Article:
Sunday, January 13, 2008

How to Diagnose Bladder Cancer


Bladder cancer is a type of cancer that initiates in the bladder of a person's body. It starts in the lining of the bladder and may spread to surrounding areas of the body. If you detect bladder cancer early, it increases your chances of survival and reduces long term health effects.


Difficulty: Moderately Challenging



Step One

Consider your age and other risk factors. Bladder cancer is more likely to occur in older adults. Cases of bladder cancer are rare in adults younger than 45. Men and people who smoke are also at a higher risk for developing bladder cancer.

Step Two

Note any pain that you may be feeling. Bladder cancer can cause the patient to feel pain in the pelvic region of the body. Urination may also be painful.

Step Three

Examine your urine for any changes. Your urine may appear reddish or have a darker than normal color. You may also experience difficulty urinating or the frequent urge to go.

Step Four

See a doctor about your symptoms. A doctor can review your medical history and perform several tests to reach a bladder cancer diagnosis.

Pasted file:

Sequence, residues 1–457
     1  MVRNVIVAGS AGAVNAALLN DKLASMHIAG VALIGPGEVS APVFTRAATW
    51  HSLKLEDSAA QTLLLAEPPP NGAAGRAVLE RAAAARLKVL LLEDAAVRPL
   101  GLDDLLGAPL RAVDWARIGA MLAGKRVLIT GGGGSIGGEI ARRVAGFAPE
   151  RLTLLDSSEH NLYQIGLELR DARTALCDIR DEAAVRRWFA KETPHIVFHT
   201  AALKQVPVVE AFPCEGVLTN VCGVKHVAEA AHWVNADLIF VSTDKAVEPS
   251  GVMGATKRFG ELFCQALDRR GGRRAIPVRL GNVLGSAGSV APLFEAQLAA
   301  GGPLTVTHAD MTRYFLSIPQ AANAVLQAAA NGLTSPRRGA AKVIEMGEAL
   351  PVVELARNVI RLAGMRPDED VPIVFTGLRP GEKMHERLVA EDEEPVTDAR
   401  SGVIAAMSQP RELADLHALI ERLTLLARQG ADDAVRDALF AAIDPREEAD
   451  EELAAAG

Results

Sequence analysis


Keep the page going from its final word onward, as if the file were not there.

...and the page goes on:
Step Five

Let the physician take a urine sample. Your urine can be analyzed to detect the presence of cancer. The doctor may also want to perform a test called a cystoscopy. This allows a doctor to examine the bladder and take a biopsy.

Step Six

Get a series of radiology tests done. An MRI and CT Scan can detect bladder cancer and let the doctor know what stage cancer you have.

Tips & Warnings

  • The symptoms associated with bladder cancer are linked to several other medical conditions. Other possible causes of your symptoms could be kidney stones, urinary tract infection and kidney disease.
  • Bladder cancer may not cause any symptoms during its early stages.

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